Welcome to a brand new segment on Good Morning Quad Cities! Each Monday and Wednesday morning, I'll be answering your weather questions LIVE during a segment we like to call, "Ask Andrew".
This week, we're tackling a question regarding a small rainbow in the sky that viewer Terry B. saw recently in Stockton, Illinois. Here's the rainbow in question:
Notice it doesn't look like your typical rainbow that would normally span a good chunk of the sky, and it's concentrated in a layer of clouds. So, what is this phenomenon?
I've actually had a few pictures of this particular rainbow sent to me in the last several days when we had some very thin, scattered clouds in our skies. This is likely a small part of what we call a "sun dog".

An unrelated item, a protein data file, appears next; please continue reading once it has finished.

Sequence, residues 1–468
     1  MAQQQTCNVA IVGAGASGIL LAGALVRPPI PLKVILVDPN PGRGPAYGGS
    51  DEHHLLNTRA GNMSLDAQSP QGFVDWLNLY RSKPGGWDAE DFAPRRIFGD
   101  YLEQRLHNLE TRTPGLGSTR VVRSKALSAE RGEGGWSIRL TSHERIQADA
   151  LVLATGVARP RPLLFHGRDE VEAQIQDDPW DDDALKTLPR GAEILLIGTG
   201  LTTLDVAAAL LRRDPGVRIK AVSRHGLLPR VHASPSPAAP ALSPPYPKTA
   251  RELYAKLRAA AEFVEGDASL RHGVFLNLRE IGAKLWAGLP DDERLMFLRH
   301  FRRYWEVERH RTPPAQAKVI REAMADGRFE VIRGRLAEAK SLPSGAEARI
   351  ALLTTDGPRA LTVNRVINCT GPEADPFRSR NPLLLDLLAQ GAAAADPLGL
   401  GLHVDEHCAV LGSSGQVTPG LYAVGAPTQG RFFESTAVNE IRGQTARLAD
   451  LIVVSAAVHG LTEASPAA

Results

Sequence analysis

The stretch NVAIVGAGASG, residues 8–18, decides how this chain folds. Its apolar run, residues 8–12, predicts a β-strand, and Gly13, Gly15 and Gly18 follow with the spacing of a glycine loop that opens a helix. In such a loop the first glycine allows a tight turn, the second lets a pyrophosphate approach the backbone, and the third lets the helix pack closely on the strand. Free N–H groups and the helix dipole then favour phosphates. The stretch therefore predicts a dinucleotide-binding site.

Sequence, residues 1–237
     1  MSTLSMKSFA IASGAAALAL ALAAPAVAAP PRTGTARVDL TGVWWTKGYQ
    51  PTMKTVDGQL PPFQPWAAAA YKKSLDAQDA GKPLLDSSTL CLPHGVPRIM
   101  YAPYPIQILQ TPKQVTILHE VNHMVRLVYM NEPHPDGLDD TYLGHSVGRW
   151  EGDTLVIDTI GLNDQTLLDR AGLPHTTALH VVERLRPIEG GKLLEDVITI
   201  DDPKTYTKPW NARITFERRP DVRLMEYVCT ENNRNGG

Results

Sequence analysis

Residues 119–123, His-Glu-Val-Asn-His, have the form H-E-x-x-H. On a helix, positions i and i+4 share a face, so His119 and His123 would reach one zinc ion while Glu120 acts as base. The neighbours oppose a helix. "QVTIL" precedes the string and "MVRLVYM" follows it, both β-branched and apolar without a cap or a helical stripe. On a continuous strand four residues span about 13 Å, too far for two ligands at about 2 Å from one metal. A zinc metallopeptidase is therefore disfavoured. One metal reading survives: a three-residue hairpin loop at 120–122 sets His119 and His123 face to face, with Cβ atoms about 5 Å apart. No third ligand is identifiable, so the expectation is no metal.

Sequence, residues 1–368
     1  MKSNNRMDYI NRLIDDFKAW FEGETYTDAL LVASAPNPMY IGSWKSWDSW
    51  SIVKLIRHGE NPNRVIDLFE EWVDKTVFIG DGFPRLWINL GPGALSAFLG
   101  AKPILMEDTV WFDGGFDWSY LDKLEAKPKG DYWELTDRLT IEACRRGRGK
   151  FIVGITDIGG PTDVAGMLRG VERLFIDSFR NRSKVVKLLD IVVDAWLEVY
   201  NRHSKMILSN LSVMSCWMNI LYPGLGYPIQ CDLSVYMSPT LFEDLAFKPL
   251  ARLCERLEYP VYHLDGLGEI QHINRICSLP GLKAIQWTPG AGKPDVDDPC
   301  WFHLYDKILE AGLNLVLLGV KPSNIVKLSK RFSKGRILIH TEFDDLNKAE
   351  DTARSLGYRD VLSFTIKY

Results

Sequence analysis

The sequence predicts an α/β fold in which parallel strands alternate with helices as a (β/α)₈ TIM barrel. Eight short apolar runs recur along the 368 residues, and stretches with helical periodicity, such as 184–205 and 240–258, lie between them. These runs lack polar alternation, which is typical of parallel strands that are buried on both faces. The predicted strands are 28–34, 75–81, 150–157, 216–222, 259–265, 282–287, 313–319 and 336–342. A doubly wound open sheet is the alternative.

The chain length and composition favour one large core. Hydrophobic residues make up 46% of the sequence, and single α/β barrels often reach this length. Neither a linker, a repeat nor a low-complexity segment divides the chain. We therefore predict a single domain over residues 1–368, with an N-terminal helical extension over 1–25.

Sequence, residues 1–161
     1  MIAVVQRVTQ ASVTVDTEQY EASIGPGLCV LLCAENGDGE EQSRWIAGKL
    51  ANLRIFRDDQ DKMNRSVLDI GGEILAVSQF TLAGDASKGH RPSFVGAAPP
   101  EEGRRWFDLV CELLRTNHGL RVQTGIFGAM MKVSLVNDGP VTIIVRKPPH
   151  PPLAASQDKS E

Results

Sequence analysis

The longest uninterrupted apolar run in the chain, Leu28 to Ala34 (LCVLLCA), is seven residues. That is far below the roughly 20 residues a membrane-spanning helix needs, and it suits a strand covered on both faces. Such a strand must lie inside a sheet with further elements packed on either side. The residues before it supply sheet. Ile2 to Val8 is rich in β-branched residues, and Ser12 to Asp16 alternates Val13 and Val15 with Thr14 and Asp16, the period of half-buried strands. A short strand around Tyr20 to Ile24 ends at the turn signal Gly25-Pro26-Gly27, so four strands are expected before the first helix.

When conditions are just right, sunlight can refract off of specially shaped ice crystals that are contained either in clouds or in the air itself. In this particular case, sunlight was refracting off of ice particles contained in the cloud, directly horizontal to the position of the sun.
Typically with a sun dog, you'll observe two rainbow-like structures on both the left and right sides of the sun, like shown in the picture above. However, there are instances where you observe just one side as we see in Terry's photo.
The ice crystals that create these beautiful rainbow displays have a special shape, usually plate-shaped in nature causing whatever light that hits it to become bent and spread out into the rainbow colors we see.
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